Filial Lines: Art Spiegelman, Alison Bechdel, and Comics Form
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CitationWaldman, Emily. 2020. Filial Lines: Art Spiegelman, Alison Bechdel, and Comics Form. Doctoral dissertation, Harvard University, Graduate School of Arts & Sciences.
AbstractThis dissertation examines the aesthetics of narrative forms and the power of the visual image as a force for capturing traumatic experience in the unsettled twenty-first century, all by foregrounding and scrutinizing an underrecognized medium: comics. Accounts of personal and historical traumas that would be difficult to imagine in words alone have been captured throughout the late twentieth and twenty-first century in comics form, notably by Art Spiegelman and Alison Bechdel. Drawing together two of comics’ most accomplished artists, whose oeuvres have not yet been placed side-by-side, I show how comics form becomes a playful yet serious medium for self-expression and filial witness. In my first chapter, I argue that Spiegelman’s engagement with Jewish materials makes his modern classic, Maus, into a modern Midrash, or even a secular reinvention of ancient Talmudic practice. Comics and Jewish texts both produce gaps and lacunae as part of an engagement with traumatic histories of loss and displacement. My second chapter turns to Spiegelman’s post-Maus work. The figure of a spiral squiggle guides a reading of Spiegelman’s experimental comics meta-memoir, Breakdowns: Portrait of the Artist as a Young %@&*!, which unites Modernist experimentalism with mourning for the mother. My third chapter pursues the character of Spiegelman’s tic-tac-toe-faced avatar, OXO, unfolding the resonance of the tic-tac-toe theme for the artist’s articulation of his family tragedy. In my fourth chapter, I move into Bechdel’s graphic memoir about her relationship with her mother, Are You My Mother?, which I read as a form of Winnicottian play that nurtures creativity, emotional growth, and the sense of a separation from the mother that also acknowledges deep connection. Continuing my reading of Are You My Mother?, my fifth chapter proposes the comics medium as a kind of web-making, which weaves networks of visual and verbal elements. Through a focus on spiders and string, the artist’s drawn line emerges as the transitional object par excellence, as that element which can uniquely separate and join distinct bodies, and thus articulate the ambivalences of filial relationship.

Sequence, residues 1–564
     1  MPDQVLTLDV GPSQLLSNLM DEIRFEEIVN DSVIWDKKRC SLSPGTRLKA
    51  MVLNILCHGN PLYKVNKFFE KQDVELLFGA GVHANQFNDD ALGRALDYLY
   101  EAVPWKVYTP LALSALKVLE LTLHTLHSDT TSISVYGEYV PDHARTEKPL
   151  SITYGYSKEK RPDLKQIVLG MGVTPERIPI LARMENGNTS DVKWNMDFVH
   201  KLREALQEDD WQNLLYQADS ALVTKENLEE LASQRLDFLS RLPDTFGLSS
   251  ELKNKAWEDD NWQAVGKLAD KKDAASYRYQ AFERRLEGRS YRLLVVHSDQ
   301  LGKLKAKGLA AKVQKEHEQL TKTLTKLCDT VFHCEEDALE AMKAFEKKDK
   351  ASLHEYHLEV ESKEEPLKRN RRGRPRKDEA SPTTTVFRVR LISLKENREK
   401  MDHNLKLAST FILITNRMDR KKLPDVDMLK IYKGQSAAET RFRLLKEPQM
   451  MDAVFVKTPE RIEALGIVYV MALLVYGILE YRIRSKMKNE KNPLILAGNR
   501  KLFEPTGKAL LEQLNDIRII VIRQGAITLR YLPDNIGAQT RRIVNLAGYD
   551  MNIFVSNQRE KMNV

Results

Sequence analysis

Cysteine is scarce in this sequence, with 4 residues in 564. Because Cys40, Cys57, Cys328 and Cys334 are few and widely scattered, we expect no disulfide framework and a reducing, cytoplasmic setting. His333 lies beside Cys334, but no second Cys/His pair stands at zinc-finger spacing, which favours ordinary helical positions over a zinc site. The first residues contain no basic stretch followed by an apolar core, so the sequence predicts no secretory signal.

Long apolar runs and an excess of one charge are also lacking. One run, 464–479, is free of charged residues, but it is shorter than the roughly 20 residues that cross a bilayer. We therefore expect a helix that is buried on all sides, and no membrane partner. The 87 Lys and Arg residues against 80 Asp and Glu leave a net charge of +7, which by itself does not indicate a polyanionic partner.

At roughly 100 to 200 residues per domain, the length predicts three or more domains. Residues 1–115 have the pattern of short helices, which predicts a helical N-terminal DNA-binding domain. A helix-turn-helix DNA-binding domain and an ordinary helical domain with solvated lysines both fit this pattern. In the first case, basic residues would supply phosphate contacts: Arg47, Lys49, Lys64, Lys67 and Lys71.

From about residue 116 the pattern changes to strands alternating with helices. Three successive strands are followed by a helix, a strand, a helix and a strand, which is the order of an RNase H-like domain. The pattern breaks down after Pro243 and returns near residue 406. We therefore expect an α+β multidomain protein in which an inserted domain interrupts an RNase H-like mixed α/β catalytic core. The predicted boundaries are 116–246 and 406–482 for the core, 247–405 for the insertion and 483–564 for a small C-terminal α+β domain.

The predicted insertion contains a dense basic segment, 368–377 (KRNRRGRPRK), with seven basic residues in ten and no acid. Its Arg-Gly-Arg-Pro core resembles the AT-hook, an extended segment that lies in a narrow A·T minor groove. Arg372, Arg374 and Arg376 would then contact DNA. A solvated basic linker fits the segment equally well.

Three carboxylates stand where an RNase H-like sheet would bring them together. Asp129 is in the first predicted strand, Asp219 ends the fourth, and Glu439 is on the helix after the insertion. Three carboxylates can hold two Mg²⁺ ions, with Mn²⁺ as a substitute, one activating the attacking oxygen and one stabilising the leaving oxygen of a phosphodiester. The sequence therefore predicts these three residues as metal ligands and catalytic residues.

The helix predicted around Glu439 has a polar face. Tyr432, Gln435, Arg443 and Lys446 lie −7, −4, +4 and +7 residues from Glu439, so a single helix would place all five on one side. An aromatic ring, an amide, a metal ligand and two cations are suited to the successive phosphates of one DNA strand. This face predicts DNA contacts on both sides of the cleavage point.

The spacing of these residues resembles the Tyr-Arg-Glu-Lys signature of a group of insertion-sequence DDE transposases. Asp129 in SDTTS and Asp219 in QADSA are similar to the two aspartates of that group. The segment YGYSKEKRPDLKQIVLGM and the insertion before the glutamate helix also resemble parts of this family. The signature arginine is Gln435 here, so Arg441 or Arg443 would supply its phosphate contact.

Citable link to this pagehttps://nrs.harvard.edu/URN-3:HUL.INSTREPOS:37365955
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